Center for Liturgical Art Conserves 12 Reinhold Marxhausen Mosaics

Published by Hope Nelson 3 months ago on Wed, Jan 10, 2024 12:58 PM

The Center for Liturgical Art (CLA) at Concordia University, Nebraska recently received 12 mosaics chiefly created by former professor of art Reinhold Marxhausen from St. John Lutheran Church in Forest Park, Illinois. The church, located just ten miles outside of downtown Chicago, recently closed their associated school, where these mosaics resided for nearly six decades. In July 2023, CLA staff transported the mosaics from Illinois to Concordia Nebraska. 

Emeritus professor of art William Wolfram, as well as a third artist, assisted Marxhausen in the creation of the mosaics in 1964, following a commission from the church that, at the time, was preparing to open its school. Each of the 12 mosaics depicts one of Jesus’ disciples, and a final one entitled “The Great Catch of Fish” is in the church’s narthex and illustrates Jesus’ calling of His disciples. St. John faculty placed one disciple’s mosaic in each kindergarten through eighth grade classroom, as well as confirmation rooms and the school’s library.  

According to current Concordia art professor, James Bockelman, the mosaics featured Venetian and Byzantium-style tiles as well as additional materials such as glass, pebbles, metal pieces, and clay tiles. He added that Marxhausen wanted each mosaic to be unique, just like each of Jesus’ disciples.  

“In order to portray the ideas, thoughts, and concepts of the original disciples, the following order would be used to determine which words or visual symbols would be used [in the mosaics]: first, the words that the disciples spoke to Jesus; second, words that have been attributed to the disciples, and third, if no words, then a scene that depicted either their work or ministry,” said Bockelman.  

Before the creation of the mosaics, the church in Forest Park also wrote a statement of purpose for the pieces, making sure that they would accomplish theological goals in addition to their artistic ones. “The mosaics should be decorative – and they should teach,” was one point that the document, now contained in Concordia’s archives, made.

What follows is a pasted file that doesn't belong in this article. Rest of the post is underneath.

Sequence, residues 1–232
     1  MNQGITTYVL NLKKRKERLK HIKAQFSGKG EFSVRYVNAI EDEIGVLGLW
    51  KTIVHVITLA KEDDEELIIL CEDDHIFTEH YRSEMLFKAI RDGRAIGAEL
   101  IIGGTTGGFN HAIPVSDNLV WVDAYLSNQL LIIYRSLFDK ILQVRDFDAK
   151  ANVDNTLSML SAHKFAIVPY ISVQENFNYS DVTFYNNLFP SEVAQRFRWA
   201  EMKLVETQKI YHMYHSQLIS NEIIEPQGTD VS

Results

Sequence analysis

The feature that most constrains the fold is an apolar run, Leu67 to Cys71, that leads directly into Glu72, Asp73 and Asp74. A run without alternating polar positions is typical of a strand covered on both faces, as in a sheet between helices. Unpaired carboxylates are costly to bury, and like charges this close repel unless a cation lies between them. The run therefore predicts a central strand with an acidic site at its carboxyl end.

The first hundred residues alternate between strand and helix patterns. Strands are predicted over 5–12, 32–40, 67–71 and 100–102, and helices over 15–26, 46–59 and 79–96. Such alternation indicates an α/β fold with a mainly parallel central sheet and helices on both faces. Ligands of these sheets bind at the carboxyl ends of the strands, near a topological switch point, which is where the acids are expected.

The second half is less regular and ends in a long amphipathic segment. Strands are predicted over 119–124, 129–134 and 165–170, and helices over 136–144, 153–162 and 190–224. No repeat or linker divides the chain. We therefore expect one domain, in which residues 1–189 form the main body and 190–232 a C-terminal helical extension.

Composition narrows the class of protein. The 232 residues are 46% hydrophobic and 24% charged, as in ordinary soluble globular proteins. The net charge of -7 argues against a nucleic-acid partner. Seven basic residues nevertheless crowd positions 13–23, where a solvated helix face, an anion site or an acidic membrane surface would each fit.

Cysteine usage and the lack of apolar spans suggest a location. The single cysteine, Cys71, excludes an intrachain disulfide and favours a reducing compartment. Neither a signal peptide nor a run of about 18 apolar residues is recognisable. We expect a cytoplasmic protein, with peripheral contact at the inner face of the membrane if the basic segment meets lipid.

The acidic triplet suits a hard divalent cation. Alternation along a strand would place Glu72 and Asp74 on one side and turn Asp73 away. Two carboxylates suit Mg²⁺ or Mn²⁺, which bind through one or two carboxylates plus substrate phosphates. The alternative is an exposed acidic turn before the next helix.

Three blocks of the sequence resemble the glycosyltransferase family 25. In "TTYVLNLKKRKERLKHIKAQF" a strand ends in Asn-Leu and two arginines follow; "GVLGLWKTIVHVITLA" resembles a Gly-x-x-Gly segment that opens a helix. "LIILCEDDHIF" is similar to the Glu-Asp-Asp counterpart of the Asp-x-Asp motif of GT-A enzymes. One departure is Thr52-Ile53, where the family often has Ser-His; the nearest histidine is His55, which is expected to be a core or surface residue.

“Jesus said much to the disciples, which is pertinent to all disciples of Him,” was another point made in the statement, adding a layer of theological explanation to Bockelman’s description of how the words in each mosaic were chosen.  

Upon their arrival at Concordia, the mosaics required some age-related repairs. CLA Interim Director Michael Scheer, along with several student employees, eagerly accepted the task.  

“Since I am a studio art major, being able to be a part of the restoration process and learning from Marxhausen’s style has been very beneficial to my art education,” said junior Hannah Helmer, one of the CLA’s employees. “The process is rewarding but also has its challenges.”  

Helmer explained that, due to the age of the mosaics, pieces that fell off were hard to color-match with new replacement tiles. “Thankfully at the CLA we have access to a lot of the original tiles that Marxhausen used so we can accurately restore the missing pieces,” she said.  

The mosaics were on display in Concordia’s Marxhausen Gallery of Art through December 13, 2023. According to CLA Staff, “after the conclusion of the show [in Marxhausen Gallery] the mosaics will be moved to a permanent location” somewhere on Concordia’s campus.  

Information on the mosaics from St. John Lutheran Church is available on the church’s website. Restoration of the mosaics “will likely take the rest of the calendar year to complete,” Scheer said in late 2023. Afterward, they will move to their more permanent home. 

Interested in the history of Concordia’s Center for Liturgical Art? Learn more here.